A rooster is a male chicken, and a hen is a female chicken. While it is often difficult to tell them apart when they are young, some basic physical characteristics distinguish roosters from hens.Continue Reading
The process of identifying the gender of chickens is called sexing. It can be difficult to determine the sex of chicks, which are baby chickens. Sexing chicks becomes easier as they grow older.
There are many different breeds of chicken, but terminology tends to remain standard across types and breeds. For example, a young female chicken that is not of breeding age is called a pullet while a young male chicken of similar age is called a cockerel. Adult females are called hens, and adult males are called roosters. Gender distinctions begin at the pullet and cockerel stage for many breeds.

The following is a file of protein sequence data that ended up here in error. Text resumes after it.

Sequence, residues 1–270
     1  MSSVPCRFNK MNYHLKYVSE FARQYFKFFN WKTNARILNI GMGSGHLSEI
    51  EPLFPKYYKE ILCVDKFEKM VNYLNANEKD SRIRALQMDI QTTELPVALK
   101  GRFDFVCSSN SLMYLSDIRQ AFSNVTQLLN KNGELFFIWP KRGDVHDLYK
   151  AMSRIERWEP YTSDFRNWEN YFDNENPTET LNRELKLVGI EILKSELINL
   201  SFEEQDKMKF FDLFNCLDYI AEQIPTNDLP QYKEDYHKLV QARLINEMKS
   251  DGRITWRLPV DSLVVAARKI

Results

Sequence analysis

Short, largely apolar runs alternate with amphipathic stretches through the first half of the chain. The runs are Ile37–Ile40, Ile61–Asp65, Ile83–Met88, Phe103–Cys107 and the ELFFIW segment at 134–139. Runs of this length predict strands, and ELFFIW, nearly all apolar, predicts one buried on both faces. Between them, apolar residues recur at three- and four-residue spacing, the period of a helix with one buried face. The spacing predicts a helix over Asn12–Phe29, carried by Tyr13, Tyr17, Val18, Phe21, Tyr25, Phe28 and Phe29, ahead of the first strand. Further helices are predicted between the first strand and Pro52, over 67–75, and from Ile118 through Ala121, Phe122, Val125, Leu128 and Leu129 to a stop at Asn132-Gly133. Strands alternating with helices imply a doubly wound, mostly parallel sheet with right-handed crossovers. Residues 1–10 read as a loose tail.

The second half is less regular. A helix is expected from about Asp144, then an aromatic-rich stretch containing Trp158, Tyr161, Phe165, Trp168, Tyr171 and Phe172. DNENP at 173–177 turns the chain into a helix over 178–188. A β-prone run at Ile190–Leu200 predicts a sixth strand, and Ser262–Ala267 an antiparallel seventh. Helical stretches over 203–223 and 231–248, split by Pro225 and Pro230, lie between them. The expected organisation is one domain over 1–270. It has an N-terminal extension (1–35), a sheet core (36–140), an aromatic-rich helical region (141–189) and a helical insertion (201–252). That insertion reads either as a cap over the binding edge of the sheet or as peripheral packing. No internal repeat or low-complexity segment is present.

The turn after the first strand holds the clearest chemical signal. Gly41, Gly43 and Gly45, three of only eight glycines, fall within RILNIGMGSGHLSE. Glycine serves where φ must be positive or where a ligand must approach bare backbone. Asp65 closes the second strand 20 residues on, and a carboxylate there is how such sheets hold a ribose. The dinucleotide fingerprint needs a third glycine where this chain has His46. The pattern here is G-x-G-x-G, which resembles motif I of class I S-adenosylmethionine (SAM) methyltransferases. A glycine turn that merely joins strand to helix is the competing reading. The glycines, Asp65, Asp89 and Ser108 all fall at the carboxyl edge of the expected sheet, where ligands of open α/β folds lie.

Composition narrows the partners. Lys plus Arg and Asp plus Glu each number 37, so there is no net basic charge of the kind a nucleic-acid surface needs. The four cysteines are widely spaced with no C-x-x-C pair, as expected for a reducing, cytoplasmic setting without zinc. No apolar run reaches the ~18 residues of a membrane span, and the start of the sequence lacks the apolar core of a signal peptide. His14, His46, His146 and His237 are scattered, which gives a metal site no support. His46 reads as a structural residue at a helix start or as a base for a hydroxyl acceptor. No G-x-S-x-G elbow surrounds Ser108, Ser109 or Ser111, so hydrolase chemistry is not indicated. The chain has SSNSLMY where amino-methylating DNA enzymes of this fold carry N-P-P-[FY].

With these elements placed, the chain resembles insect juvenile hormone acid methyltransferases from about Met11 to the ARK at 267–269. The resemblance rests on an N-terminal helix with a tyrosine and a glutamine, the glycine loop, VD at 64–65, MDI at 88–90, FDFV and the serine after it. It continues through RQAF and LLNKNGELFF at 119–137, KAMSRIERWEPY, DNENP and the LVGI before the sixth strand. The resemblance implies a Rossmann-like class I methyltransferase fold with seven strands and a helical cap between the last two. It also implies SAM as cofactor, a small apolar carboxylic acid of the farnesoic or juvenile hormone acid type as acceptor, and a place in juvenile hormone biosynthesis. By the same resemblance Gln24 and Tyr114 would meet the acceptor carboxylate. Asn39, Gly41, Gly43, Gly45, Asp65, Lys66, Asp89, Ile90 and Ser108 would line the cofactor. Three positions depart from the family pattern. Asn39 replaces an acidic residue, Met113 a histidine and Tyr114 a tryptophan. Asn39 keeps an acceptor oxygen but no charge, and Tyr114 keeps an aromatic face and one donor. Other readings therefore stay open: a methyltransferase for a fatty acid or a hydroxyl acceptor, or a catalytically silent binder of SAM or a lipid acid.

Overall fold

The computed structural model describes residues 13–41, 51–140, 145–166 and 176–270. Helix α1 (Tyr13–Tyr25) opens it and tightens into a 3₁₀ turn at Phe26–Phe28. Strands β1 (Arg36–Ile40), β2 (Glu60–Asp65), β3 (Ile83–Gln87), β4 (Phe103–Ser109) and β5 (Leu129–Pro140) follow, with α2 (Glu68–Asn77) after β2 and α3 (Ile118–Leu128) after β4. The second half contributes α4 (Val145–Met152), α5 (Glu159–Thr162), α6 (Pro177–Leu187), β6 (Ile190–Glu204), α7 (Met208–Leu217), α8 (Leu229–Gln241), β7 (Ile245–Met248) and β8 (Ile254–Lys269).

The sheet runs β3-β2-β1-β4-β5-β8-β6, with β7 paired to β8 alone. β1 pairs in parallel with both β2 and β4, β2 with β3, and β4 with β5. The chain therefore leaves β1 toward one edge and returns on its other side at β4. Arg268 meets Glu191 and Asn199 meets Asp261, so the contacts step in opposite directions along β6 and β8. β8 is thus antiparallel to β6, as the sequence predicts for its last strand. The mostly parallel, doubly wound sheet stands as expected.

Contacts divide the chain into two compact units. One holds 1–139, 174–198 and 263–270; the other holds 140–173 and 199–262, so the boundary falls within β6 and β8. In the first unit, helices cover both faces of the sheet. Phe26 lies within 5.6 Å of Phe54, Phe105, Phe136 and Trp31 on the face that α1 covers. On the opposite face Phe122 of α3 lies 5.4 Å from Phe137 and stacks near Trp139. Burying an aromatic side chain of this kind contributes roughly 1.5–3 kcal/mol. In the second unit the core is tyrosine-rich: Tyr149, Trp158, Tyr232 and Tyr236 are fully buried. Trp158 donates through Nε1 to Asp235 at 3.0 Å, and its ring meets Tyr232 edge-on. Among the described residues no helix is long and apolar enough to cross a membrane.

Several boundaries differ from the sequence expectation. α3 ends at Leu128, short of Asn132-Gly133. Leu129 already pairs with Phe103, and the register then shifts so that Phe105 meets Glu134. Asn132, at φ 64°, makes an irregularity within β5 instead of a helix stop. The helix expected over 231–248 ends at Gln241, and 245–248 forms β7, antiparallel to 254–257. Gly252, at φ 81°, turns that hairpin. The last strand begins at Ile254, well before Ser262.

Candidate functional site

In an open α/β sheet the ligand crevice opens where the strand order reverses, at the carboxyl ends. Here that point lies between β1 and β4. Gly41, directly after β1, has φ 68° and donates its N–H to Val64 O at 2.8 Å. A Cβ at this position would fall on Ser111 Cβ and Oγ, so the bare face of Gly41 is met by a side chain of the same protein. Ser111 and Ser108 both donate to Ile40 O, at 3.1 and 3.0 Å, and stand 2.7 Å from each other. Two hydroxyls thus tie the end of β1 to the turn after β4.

A few general characteristics aid in the visual identification of chickens by gender:
In certain breeds, roosters are also larger than hens. Additionally, roosters crow, while hens do not.Learn more about Chickens
When a rooster and hen mate, the semen is stored inside the oviduct and is used later to fertilize the egg before the shell forms around it. The semen can be used up to a month after storage.Full Answer >
The most obvious physical differences between a hen and a rooster are the larger, more pronounced comb and wattles on the rooster's head as well as the rooster's thicker legs and well-developed spurs. Hens have all these features, but they're much smaller and less developed than on a rooster.Full Answer >
Chicken eggs become fertilized when chickens mate and the rooster's sperm successfully comes into contact with the ovum released by the hen's ovary. After the ovum's release, the sperm have around a half an hour to fertilize it before the shell begins to form.Full Answer >
Once it has reached physical maturity at about 6 months, a hen lays eggs regardless of whether it has mated with a rooster. The egg production also occurs regardless of male participation.Full Answer >